"The season in which we were born is peculiarly akin to us, and we to it. [...] For really, in my experience, there is a sympathetic relation between ourselves and the season that produced us. Its return brings something that confirms and strengthens, that renews our lives."— from The Black Swan, by Thomas Mann.
That's how I feel about November.
I have been taking German classes now for eight weeks. I have learned how to count, how to conjugate, and how to conduct a stilted and limited conversation in a very specific, unrealistic scenario.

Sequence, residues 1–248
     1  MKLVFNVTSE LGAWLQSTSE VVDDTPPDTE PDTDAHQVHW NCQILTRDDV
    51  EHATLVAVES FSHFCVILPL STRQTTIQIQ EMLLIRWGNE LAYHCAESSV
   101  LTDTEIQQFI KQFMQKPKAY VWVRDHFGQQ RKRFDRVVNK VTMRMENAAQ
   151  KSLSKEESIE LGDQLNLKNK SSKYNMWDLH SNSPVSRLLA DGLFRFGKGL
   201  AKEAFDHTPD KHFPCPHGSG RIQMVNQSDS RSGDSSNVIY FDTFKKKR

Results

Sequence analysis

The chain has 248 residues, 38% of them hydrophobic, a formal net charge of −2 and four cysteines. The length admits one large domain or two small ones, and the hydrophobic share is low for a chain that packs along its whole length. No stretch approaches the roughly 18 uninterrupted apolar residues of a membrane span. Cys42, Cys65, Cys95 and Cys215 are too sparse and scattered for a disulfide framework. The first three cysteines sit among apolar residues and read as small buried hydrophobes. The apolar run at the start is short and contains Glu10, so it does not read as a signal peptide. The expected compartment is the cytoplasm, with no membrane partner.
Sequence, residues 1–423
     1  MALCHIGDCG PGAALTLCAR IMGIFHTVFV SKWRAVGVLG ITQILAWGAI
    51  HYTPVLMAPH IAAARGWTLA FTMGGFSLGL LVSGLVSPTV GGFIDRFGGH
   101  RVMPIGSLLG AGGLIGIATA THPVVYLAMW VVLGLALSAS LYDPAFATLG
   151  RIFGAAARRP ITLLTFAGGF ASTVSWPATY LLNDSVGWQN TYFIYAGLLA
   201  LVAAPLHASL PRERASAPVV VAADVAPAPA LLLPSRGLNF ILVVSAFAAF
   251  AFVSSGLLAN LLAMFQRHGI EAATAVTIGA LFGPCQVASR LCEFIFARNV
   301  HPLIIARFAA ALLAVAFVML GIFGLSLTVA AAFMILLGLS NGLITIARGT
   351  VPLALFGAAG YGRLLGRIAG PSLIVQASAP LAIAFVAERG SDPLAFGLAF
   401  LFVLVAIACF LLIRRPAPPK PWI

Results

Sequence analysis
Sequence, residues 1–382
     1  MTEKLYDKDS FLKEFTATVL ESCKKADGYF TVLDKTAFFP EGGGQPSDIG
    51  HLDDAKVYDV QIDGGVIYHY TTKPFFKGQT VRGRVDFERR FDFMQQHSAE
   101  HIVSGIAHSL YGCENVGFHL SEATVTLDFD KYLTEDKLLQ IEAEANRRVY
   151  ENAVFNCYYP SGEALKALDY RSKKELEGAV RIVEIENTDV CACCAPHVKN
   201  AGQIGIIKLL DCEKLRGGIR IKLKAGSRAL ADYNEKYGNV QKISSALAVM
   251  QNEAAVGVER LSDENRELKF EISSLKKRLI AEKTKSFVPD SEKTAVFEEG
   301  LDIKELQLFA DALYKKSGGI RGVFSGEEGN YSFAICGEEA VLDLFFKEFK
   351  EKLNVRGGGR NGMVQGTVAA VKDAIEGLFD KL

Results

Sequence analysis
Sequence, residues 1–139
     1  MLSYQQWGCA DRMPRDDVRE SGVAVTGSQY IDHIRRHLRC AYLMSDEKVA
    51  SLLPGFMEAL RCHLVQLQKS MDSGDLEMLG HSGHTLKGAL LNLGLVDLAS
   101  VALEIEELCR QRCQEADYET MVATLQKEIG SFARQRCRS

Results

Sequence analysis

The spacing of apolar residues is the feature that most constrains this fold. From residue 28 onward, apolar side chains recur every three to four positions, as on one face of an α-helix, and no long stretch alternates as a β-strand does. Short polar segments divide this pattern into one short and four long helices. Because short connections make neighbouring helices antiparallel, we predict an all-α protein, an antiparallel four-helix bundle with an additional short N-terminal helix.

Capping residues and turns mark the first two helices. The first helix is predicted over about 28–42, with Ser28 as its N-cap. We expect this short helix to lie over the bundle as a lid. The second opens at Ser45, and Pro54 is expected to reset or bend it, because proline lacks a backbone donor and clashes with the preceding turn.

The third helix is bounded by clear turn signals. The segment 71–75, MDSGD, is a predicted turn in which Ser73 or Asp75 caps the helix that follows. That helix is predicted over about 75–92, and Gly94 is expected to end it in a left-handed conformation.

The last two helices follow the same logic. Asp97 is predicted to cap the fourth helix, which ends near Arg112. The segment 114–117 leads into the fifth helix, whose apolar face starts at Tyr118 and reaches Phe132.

I have learned also that German is much stranger than I'd ever imagined. For example, the verb takes second position in a sentence. Weiso? So the addition of a sentence adverb therefore changes everything.
I still cannot read Rilke.
The compounding of nouns, however, has its own kind of poetry. Like "der Kugelschreiber" — the pen, a bullet for writing. And "der Fernseher" — the television, for watching at a distance.
I love the fact of Novembernebel, that November has its own kind of fog.
The assignment in lesson 4 was to describe a scenario in a train using the vocabulary learned to date. Here is the story I wrote:
Robert Walser, Stefan Zweig, und Thomas Mann fahren nach Berlin. Sie spielen Karten für kurze Zeit. Robert schläft. Stefan schreibt eine Fabel. Thomas weint. Sie arbeiten zu viel.